Social bookmarking and directories
26. Are traditional link building methods such as social bookmarks and directories no longer effective? What is your take on this?
27. Besides themed guest posting, does social bookmarking still help vary your link profile?
I’ll answer both questions here. There are still a lot of active social bookmarking sites that range from generic to special interests. Many have nofollowed backlinks at this point, but some remain followed. My recommendation isn’t to find those followed social bookmarking sites and spam them, but to recognize that if the community is active, you’re spreading your visibility and reach and that’s a good thing. This will often result in the discovery of your content that may lead to a backlink.
Personally, I don’t encourage my team to go after social bookmarks as a backlink for client work because we’re being held to a higher standard for link quality. Unless we know that link has the potential to get picked up by the community, seeding it through social channels doesn’t make a lot of sense.
When it comes to directories, these are still effective, but yes, they’re over-saturated. This means that your competitors will probably be able to easily acquire the same backlinks and the directory may have been devalued for linking out to an unusually high number of questionable domains. There are still many great directories out there though, especially industry-specific directories, so don’t throw the baby out with the bathwater. When I talk to my team I look at directories in this way:
- Get good web directories.
- Get good social media and blog directories.
- Get good local directories.
Directories are still a great way to find reputable websites, social profiles, blogs, and local business listings. Not being included in them is just silly and a bad business practice. You should determine your own metrics for assigning value and authority to the directories. I’m probably more picky than most would be!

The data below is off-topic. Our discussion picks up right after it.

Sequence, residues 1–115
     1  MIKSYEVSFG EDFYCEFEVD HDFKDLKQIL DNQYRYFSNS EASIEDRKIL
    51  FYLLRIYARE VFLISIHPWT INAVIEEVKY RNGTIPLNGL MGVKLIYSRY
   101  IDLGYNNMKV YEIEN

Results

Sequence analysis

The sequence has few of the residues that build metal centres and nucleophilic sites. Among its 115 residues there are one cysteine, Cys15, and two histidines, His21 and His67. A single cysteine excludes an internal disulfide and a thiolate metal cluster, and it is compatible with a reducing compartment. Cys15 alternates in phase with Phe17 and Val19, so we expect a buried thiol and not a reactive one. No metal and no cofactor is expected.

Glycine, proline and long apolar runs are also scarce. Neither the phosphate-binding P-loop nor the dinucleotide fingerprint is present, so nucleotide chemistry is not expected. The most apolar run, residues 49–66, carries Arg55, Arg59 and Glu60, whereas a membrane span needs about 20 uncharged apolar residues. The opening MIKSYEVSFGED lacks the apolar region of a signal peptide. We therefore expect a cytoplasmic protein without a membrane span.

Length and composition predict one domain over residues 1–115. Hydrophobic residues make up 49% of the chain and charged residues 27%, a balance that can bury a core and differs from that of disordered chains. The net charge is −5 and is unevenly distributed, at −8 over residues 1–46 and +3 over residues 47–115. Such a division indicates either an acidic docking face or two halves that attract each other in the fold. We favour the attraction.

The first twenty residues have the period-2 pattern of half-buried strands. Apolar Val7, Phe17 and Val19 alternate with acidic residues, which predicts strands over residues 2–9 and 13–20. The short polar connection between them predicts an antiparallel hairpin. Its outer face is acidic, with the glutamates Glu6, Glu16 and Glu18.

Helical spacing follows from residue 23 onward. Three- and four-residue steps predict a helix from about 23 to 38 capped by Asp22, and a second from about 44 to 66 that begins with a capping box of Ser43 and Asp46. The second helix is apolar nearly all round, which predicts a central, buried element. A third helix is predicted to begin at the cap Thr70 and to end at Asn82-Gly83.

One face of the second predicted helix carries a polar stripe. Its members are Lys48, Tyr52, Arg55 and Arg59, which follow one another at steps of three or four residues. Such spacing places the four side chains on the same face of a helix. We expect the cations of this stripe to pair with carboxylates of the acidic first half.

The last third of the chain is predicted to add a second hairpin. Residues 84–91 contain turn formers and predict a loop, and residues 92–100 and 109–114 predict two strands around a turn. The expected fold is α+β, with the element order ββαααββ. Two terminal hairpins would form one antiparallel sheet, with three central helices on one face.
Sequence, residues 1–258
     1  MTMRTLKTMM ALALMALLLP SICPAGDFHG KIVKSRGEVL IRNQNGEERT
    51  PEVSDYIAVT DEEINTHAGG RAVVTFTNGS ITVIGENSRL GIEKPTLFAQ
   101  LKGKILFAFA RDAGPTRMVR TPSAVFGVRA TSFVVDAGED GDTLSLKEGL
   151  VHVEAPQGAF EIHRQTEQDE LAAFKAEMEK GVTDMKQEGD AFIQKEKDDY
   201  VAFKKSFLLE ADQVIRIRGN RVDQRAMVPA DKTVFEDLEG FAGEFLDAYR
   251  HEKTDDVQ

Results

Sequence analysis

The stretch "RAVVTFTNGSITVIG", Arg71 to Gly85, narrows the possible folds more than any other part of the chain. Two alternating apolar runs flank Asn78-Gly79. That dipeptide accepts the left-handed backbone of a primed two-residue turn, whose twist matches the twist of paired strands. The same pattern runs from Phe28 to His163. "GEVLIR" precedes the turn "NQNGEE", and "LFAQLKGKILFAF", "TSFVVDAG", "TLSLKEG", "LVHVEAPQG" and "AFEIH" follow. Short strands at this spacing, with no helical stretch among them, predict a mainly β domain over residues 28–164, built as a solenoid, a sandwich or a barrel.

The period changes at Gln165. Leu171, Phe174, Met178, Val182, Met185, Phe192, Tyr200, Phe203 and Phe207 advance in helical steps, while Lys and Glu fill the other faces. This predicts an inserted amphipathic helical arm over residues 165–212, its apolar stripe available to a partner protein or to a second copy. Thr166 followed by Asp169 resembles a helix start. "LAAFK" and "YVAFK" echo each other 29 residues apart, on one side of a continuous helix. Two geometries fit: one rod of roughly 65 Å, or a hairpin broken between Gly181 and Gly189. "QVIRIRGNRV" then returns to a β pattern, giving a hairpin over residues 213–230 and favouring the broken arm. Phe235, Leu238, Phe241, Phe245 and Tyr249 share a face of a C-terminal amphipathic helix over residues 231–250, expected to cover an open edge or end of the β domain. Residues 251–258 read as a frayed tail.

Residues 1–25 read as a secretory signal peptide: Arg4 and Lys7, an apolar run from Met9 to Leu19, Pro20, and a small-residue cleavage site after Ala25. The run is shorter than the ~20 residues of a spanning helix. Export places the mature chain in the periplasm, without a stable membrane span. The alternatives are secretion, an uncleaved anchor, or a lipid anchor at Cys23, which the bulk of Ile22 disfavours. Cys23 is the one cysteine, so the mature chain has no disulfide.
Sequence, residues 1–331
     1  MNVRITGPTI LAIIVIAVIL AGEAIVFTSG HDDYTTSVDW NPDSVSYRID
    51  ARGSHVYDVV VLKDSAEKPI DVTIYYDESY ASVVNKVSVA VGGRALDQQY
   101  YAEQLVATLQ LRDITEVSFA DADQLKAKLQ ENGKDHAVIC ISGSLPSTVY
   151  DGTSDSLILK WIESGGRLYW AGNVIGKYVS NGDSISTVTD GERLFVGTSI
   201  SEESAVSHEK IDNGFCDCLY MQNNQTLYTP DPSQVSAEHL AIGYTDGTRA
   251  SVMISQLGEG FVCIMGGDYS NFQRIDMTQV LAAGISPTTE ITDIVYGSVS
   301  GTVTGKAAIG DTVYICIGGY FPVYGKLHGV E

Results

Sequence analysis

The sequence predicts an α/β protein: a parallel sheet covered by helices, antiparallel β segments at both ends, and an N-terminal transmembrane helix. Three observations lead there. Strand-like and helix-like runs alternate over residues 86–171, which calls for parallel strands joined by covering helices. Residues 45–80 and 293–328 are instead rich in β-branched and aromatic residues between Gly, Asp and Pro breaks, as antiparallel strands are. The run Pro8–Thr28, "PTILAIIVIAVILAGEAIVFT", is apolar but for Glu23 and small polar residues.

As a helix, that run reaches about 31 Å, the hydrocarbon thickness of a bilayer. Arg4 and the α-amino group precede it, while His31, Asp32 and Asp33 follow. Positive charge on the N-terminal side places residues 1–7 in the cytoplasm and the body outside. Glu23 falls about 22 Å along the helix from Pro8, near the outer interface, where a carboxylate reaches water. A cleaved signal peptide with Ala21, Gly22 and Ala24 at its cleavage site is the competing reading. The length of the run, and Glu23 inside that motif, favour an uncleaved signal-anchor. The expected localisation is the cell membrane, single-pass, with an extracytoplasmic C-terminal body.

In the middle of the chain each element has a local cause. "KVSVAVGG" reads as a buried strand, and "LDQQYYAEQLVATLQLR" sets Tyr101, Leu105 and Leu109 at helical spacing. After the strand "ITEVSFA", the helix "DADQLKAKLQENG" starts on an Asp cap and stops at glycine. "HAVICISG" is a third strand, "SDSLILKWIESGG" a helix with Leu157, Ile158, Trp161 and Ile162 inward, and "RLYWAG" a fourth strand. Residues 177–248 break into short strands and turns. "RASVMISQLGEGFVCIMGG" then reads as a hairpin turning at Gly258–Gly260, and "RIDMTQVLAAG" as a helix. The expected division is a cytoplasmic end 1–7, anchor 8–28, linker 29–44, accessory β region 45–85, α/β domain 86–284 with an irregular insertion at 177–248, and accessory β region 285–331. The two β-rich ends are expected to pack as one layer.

28. Scenario: site A has loads of backlinks and is 301 redirected to site B. If site A has been penalized by Google’s updates, does the penalty get carried over? What solutions can we consider to implement?
Does the penalty get carried over… honestly, there isn’t a straight answer for this. I’ve seen and read accounts of both situations: a penalty gets passed and it doesn’t. It often appears to be a matter of severity. I’d also be worried about the quantity of redirects (e.g. redirecting a network of several dozen penalized domains wouldn’t be a good idea). Doing a test with one would be less of an issue. Test it, but try to test with a domain that isn’t your bread and butter.
What I’d personally try to do: get site A unpenalized and then redirect it. Or reclaim the backlinks from site A and have those instead point to site B through outreach efforts.
29. Is it ok to buy lots of domains and do a 301 redirect to your main one?
See above! Be careful about what you purchase. I’ve seen companies invest millions into a domain just to have it turn out penalized from the prior webmaster’s questionable practices. You don’t want to wind up in that situation and have the penalty get passed. Also, simply buying up domains and redirecting them can be effective, but quantity can become a concern. I’d focus the budget on building up your brand and I know that sounds terribly naïve, but it’s worth more than the time, budget, and risk associated with just buying up domains.
30. How do we do a backlink audit? Is it by using Fresh Web Explorer, or something else?
The backlink audit is something I first mentioned in this post on, “Does Your Board of Directors Get SEO?,” but I didn’t go into the actual process. We usually start Google Webmaster Tools, the client’s analytics solution, Majestic SEO/Open Site Explorer, and a crawler like Screaming Frog. Most important: Excel. You don’t need a whole lot more than that!
31. Any resources for link building noobs that are a must read?
- Chapter 7 of the SEOmoz Beginner’s Guide to SEO
- Link building archives on sites like the SEOmoz blog
- Link Building Strategies by Point Blank SEO
32. I live a couple of blocks from the Brownes & Co. and passed Tabatha when they were filming that show. Brown’s finally closed. That woman was awful wasn’t she?
I referenced the Online Reputation Management Case Study post during the Mozinar, and yes, it’s “reality TV” but it’s difficult to make some appear that clueless about their business without plenty of material to work with!
33. Recently we had a duplicate content because someone create a fake website and he paste some of our information. I didn’t saw anything until that one of my friend tell me this. Except Google Webmaster Tool Which tools or websites can I use for find this duplicate content?
There were a number of questions I didn’t tackle from the Mozinar that were too off-topic, but I’ll try to reach out personally to you with an answer if we haven’t already emailed back and forth. Thank you again for everyone who listened in and I hope the Q&A provides some insight as well as healthy debate!